Linked by Thom Holwerda on Mon 11th Jun 2012 00:38 UTC, submitted by judgen
Windows "Microsoft recently extended 'It Just Works' compatibility for Visual Basic 6 applications through the full lifetime of Windows 8. Visual Basic 6 first shipped in 1998, so its apps will have at least 24 years of supported lifetime. Contrast that with the Microsoft .NET Framework 1.0 (2002), which is incompatible with Windows 7 (2009)."
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Why the hate?
by Gullible Jones on Mon 11th Jun 2012 18:58 UTC
Gullible Jones
Member since:
2006-05-23

First of all, a disclaimer... I have never used Visual Basic 6. I learned some Basic on a legacy Mac about a decade ago, and quickly forgot all of it. Right now I know smatterings of several languages, Java probably being my strongest. If you told me to do some task in VB6, I wouldn't have a clue how.

However.

I've noticed an attitude among computer enthusiasts that, if X is easy to use, X must suck. It's true that power and versatility often imply a steep learning curve; but I don't think they necessarily have to, and furthermore, not everything needs to be as powerful and versatile as C. Sometimes you want to use the right tool for the job.

e.g. A small program for manipulating text might be more efficient if written in C, but you can do it in Perl or shell script with a tenth the effort. Or a GUI for some program could be written using GTK+ and C, but if memory use is not an issue, using PyGTK could make it more maintainable.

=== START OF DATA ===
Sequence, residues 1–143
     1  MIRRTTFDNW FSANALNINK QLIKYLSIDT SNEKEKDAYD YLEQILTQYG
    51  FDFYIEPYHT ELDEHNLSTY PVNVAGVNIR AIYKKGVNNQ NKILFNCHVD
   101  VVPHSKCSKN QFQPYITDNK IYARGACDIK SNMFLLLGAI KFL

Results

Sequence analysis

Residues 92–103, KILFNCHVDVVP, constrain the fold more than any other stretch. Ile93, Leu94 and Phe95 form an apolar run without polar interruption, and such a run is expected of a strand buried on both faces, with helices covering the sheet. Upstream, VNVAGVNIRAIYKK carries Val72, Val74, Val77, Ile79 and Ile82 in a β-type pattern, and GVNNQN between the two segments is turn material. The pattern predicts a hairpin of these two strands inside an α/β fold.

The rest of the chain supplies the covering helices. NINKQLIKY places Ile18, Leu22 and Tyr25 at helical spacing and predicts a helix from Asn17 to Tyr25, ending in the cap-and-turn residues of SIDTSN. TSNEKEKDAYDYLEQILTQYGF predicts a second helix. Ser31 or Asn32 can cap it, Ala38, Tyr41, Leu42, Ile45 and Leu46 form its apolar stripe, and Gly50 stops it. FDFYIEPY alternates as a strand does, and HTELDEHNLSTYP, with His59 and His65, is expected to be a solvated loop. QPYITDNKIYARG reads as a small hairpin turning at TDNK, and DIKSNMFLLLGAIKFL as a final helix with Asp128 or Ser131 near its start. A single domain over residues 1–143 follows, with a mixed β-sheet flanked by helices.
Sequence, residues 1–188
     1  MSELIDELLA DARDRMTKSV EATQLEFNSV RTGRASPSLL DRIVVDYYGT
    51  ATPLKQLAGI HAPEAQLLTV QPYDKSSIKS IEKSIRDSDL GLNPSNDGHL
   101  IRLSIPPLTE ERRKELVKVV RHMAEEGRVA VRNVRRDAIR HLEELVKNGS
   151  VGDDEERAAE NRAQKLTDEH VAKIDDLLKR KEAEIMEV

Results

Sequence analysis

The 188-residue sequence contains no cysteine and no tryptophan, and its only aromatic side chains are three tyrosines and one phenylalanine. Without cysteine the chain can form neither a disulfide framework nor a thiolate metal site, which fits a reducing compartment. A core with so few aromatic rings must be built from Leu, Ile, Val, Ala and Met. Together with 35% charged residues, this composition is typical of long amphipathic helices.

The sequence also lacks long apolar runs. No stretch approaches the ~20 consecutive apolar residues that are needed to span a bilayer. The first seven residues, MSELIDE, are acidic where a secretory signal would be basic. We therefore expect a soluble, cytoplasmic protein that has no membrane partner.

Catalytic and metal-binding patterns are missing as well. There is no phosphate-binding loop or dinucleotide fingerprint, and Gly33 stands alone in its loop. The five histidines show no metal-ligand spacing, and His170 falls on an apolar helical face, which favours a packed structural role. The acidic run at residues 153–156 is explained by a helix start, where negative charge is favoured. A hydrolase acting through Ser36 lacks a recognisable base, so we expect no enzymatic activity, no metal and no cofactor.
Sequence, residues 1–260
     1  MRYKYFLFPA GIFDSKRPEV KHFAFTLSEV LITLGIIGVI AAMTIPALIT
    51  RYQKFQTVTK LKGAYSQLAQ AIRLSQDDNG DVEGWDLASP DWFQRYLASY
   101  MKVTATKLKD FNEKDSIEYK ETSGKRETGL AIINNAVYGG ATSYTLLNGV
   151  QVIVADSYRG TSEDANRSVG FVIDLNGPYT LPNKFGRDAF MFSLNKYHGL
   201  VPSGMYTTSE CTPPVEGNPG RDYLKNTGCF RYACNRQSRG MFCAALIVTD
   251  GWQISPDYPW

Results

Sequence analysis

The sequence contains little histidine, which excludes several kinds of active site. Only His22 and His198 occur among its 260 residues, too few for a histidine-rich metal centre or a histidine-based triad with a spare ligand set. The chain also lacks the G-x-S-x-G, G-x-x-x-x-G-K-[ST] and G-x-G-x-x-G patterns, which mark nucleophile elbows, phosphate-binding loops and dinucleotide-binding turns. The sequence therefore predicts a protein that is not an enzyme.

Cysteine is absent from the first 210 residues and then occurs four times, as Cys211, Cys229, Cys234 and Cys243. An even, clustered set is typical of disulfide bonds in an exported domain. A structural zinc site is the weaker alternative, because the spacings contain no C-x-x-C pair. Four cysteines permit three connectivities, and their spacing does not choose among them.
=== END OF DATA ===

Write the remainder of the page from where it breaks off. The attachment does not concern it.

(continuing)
Couldn't the same be considered to apply to small graphical programs for Windows? Maybe VB6 is the right tool for quickly throwing together something that doesn't require power, finesse, or portability.

OTOH, I did look into GAMBAS once, and found the syntax completely inscrutable. If VB6 looks like that I can understand why it would be disliked.

Reply Score: 4

RE: Why the hate?
by Tuishimi on Mon 11th Jun 2012 19:28 in reply to "Why the hate?"
Tuishimi Member since:
2005-07-06


e.g. A small program for manipulating text might be more efficient if written in C, but you can do it in Perl or shell script with a tenth the effort. Or a GUI for some program could be written using GTK+ and C, but if memory use is not an issue, using PyGTK could make it more maintainable.


I agree. It really depends on what you are trying to do and how much time you have to do it in. Prototyping in some of the interpreted/dynamic languages is useful too...

Reply Parent Score: 3

RE: Why the hate?
by Delgarde on Tue 12th Jun 2012 01:40 in reply to "Why the hate?"
Delgarde Member since:
2008-08-19

Couldn't the same be considered to apply to small graphical programs for Windows? Maybe VB6 is the right tool for quickly throwing together something that doesn't require power, finesse, or portability.


The problem with that reasoning is that over time, small programs often become large programs. And then when you find that you *do* need power, and you *do* need finesse and you *do* need portability, what do you do?

Reply Parent Score: 4